Friday, January 13, 2006A Man's Home Is His Palast
Germany's history and identity is difficult. Some want to draw a line under everything, others want to focus on the golden years and derive some kind of identity out of that. Some would argue that Germany as we know it has only existed since 1990. Re-generating Berlin is not therefore simply a case of getting funding and getting a plan passed by an indifferent town-planning pannel. Every decision taken is a decision on 'how to deal with a problematic history'. But the decision to demolish Palast der Republik has cut right to the very depths of the East/West divide in Berlin.
Palast der Republik is in the former Eastern sector and was the East German parliament building from 1976 until the GDR's demise in 1989. But it wasn't just a parliament building - it was the people's palace, based on the notion that a republic is of the people - and so was a social and cultural centre for the GDR's citizens, where state run cultural activities, theatres and restaurants were situated. Regardless of the former GDR's citizens' feelings towards the oppressive government and secret police, fond memories are held by many East Germans of visits to the capital city to see the iconic symbols of the system to which their work and lives were officially concerned. It doesn't fit the idealised image of how a European Tourist City should look - streets after streets of ye olde granduer and backstreets of ye olde twee and cobbles. That's part of Berlin's history, but not the history as known by the people who have lived in the capital for the last 60 years.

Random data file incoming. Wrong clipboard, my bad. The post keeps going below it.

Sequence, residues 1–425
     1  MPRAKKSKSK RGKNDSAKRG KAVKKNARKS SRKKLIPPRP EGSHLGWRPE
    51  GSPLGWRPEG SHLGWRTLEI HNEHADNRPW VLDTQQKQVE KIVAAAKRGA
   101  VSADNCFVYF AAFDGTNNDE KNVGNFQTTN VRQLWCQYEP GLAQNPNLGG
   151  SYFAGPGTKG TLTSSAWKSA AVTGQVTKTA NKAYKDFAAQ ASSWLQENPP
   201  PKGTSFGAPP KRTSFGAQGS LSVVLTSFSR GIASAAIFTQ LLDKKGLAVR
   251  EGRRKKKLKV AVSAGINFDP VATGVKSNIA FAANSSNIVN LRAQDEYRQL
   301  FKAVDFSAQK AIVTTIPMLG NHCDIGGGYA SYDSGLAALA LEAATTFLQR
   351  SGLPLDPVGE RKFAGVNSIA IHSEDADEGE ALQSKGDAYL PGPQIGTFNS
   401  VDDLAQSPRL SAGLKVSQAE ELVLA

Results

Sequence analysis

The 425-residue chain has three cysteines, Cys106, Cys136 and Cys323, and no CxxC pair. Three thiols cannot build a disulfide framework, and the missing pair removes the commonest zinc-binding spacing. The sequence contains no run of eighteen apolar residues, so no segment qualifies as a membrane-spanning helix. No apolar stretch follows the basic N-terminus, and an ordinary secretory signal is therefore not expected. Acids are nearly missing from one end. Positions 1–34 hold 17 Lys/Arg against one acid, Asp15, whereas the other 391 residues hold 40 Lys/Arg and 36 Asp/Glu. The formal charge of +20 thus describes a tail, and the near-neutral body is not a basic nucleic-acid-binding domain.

The planned replacement is a reconstruction of Berliner Stadtschloss, an old castle which stood in the same position until it was destroyed in World War II. The Castle would be a shopping mall - presumably of the expensive variety, in keeping with the already-gentrified area surrounding it, designed to keep the tourists spending and the German economy afloat (Berlin was almost declared bankrupt two years ago). The trouble with such a plan is that it excludes and alienates the residents of East Berlin/Germany, who have felt excluded and alienated enough already by the institutional and cultural changes (dissertation topic ahoy!) and this blatant brushing-under of half the city's history has really got the goats of a lot of people.
Sadly, demolition has already begun and the Palast is no longer open for exhibitions and the like. At least the TV tower will always be a big fallic memorial to the days and dreams of state-socialism, even if the execution thereof was much grayer and grimmer than the dream.